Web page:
What qualities do care and support workers have?
While every role requires some core life skills like teamwork and problem solving, it's your values, behaviour and attitude that will set you apart. If you're the sort of person who treats others with respect, listens to their needs, understands their emotions, and is warm, kind and honest, then social care could be the career for you.
Everyone working in social care needs a good standard of English, as well as numeracy and digital skills. You will need to be a self-starter, as well as being able to work as part of a team.
Additional skills required to work in adult social care include:
- organisational skills
- good listening and communication skills
- the ability to understand and follow policies and procedures
- good writing skills to fill in care and support plans
What skills and qualifications do I need?
You will need the Care Certificate, but your employer will provide you with this training if you have not previously completed it. What's really important is that you're a kind, compassionate and thoughtful person. Your employer might ask that you have qualifications showing good English and numeracy skills such as GCSE A-C in English and Maths. It might also be helpful to have a social care qualifications such as a Level 2 or 3 Diploma in Health and Social Care. Don't worry if you don't have these qualifications though - if you're interested, you can work towards them once you've started in the role.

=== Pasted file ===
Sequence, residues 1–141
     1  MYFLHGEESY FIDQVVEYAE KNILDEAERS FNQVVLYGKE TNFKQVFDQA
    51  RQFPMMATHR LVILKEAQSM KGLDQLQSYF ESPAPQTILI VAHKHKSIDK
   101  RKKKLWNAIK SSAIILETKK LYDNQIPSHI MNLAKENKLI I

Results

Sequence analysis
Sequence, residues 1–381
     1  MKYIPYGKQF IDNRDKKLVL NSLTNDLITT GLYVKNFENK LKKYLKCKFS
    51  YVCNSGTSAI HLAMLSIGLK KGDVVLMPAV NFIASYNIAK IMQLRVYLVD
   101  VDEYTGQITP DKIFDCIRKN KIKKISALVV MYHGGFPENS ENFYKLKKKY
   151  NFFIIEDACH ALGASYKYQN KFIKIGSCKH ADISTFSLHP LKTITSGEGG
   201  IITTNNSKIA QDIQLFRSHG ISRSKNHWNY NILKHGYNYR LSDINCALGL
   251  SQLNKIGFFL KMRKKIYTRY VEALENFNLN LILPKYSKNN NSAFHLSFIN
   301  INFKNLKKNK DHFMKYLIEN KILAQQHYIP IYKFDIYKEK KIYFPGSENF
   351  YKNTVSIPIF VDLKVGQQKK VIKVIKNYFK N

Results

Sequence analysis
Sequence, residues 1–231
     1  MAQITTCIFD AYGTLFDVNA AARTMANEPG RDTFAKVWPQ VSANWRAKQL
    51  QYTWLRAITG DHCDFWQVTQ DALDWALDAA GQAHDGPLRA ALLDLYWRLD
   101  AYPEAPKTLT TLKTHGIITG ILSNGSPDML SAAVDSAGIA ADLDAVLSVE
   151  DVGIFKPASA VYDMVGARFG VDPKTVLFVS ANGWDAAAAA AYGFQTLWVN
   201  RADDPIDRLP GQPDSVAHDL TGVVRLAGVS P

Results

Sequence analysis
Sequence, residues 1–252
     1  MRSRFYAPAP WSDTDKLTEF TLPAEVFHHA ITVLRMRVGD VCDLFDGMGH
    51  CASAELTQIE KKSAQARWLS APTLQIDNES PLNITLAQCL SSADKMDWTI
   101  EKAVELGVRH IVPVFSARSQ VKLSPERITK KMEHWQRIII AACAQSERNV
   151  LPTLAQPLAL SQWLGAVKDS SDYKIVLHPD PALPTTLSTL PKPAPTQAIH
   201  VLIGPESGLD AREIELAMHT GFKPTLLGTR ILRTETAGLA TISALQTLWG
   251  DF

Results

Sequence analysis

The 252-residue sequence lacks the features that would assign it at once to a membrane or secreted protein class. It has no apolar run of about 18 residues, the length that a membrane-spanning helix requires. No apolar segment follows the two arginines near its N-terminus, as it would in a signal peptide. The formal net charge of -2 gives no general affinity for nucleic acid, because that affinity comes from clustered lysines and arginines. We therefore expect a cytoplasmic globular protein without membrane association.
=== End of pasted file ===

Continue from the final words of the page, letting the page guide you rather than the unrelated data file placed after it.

You can access employment support such as CV writing help or interview skills at Hounslow Adult and Community Education
How do I progress?
When you start in your role you’ll do an induction, which should include the Care Certificate if you haven’t previously completed it; these are the minimum standards that everyone working in social care needs to know.
It will also include training necessary for your role such as health and safety, safeguarding, first aid and moving and handling, or specific training such as autism awareness, communication skills or training to help you support people with dementia.
Beyond this there could be opportunities to progress by doing a vocational qualification such as a Diploma in Health and Social Care or continuing a professional development qualification such as in dementia, end of life, or autism care. There may be opportunities to progress into management roles or you might choose to go into other roles such as an advocacy worker, personal assistant or rehabilitation worker.